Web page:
ISSN (Print) - 0012-9976 | ISSN (Online) - 2349-8846

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The Post-political Dalit Movement in Maharashtra

The contemporary Dalit movement in Maharashtra is marked by five distinct trends, that is, increased militancy, sub-caste assertion, middle-class activism, public symbolism, and a rightward shift. These are not manifested through political mobilisation but predominantly in sociocultural spheres. The congruence and divergence of these from B R Ambedkar’s normative political project need to be explored.

My heartiest thanks to Anupama Rao and Shailaja Paik for reading the earlier drafts followed by their meticulous comments.

In 2019, just before the announcement of general elections, the Dalit politics in Maharashtra gained the much-needed buzz. Prakash Ambedkar’s Bharipa Bahujan Mahasangh, a small political outfit mostly limited to the Akola district, decided to launch the Vanchit Bahujan Aghadi (VBA) by forming an alliance with All India Majlis-e-Ittehad-ul-Muslimeen (AIMIM), a controversial Muslim party from Hyderabad. The curiosity about the future of Dalit politics in Maharashtra has increased as this alliance had altered results in some closely contested seats and became a nightmare for the Congress and the Nationalist Congress Party. This re-emergence is vital as it was assumed that the independent Dalit politics in Maharashtra is almost dead. The VBA’s initiation may help to revitalise the dormant Dalit voices substantively and one can imagine a new political alternative against the contemporary hegemony of the Hindutva right. However, this task is difficult as in the last three decades, the conventional Dalit consciousness has improvised into non-political spheres. The collective notion of unified Dalit mass that objectively moves with normative political promise is unavailable. Today, there are multiple Dalit agents who are not obliged to any one moral prescription of B R Ambedkar’s political philosophy. Instead the Dalit groups are operating as free-floating rational agents, engaged to fulfil subjective sectional interests.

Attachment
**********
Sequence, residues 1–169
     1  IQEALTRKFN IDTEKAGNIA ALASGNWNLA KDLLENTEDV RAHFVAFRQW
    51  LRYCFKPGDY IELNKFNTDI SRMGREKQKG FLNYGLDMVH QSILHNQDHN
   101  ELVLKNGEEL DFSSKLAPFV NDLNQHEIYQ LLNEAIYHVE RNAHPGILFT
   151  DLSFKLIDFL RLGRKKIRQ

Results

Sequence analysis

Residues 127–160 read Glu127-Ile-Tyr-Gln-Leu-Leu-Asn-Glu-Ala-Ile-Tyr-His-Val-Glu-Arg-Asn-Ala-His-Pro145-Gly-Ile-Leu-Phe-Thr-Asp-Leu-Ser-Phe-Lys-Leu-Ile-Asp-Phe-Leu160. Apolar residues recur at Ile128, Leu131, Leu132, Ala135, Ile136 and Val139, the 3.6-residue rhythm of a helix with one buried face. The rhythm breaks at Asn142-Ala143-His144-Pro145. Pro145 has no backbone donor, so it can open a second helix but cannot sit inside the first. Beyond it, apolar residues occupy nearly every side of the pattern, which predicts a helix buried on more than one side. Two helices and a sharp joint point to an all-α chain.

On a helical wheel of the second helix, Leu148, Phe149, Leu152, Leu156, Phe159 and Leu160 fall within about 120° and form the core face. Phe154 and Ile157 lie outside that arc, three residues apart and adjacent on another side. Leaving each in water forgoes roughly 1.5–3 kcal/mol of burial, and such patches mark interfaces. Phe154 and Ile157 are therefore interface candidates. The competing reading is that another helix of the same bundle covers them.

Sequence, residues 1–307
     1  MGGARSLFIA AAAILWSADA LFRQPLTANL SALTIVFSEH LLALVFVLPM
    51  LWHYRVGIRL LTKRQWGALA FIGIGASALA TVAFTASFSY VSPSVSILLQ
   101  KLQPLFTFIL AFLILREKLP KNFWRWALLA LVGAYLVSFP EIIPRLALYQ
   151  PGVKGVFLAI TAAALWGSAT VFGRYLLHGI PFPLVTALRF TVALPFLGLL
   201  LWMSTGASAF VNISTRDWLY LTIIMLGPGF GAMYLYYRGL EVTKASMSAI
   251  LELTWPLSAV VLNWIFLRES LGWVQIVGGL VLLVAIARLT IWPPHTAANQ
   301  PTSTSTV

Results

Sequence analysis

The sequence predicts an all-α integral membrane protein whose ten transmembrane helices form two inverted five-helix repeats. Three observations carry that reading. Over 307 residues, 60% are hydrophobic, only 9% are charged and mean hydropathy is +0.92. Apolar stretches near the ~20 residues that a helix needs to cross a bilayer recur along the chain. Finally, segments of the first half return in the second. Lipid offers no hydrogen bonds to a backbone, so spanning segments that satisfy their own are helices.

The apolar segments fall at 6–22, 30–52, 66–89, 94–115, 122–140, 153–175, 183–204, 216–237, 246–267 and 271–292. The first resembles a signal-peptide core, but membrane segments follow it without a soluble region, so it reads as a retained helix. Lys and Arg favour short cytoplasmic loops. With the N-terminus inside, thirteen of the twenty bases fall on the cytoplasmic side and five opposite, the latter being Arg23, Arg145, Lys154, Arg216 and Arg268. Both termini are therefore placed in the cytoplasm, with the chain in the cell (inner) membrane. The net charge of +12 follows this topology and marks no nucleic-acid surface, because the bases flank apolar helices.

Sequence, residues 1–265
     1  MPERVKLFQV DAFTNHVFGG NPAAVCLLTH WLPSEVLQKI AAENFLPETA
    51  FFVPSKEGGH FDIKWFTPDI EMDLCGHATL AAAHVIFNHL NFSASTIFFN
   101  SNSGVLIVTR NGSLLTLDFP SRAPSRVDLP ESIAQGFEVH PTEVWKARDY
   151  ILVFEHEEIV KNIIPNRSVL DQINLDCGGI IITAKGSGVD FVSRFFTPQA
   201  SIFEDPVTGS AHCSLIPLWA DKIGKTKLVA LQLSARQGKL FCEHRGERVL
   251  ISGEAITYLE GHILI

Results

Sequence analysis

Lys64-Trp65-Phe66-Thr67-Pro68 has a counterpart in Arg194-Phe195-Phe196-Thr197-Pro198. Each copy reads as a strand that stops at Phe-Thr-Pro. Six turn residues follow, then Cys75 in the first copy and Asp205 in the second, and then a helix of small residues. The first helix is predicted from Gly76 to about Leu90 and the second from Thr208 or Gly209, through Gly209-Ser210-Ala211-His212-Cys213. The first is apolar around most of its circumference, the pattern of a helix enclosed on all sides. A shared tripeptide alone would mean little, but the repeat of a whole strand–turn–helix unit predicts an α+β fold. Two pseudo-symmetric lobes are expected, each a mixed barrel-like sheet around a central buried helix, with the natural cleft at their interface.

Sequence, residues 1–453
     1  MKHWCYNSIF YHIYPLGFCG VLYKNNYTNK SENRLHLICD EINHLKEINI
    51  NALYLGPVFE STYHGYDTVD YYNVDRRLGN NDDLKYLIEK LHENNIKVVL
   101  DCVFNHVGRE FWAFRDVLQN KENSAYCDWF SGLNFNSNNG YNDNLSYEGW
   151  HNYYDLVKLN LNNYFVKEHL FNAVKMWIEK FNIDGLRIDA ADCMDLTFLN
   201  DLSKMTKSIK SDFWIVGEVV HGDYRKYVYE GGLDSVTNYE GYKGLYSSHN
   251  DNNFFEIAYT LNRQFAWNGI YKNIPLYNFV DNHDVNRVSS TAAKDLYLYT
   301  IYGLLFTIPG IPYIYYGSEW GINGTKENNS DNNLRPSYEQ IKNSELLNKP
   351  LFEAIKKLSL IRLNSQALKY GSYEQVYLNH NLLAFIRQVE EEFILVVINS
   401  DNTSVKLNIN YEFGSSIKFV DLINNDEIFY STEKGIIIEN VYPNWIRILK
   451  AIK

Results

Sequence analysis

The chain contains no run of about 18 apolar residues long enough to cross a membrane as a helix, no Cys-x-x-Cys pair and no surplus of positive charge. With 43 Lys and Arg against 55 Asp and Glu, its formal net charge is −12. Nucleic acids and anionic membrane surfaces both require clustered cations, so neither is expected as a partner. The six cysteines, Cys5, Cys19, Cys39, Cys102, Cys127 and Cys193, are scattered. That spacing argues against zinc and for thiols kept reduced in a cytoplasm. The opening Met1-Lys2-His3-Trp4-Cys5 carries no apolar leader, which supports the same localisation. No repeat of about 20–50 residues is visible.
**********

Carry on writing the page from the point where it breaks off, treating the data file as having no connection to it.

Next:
I would argue that there are no specific characteristics that bring a collective and homogeneous sense to the Dalit identity and its movement today. The Dalit social activism has remained fragmented, localised and autonomous. Any attempts to form broad political normative framework has failed here as the varied social assertions by the Dalits are agonistically related to each other. These fragmentations have distanced themselves from the egalitarian principles of social justice and are consistently adopting neo-liberal democratic modes to amplify certain subjective interests.

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Updated On : 24th Sep, 2019
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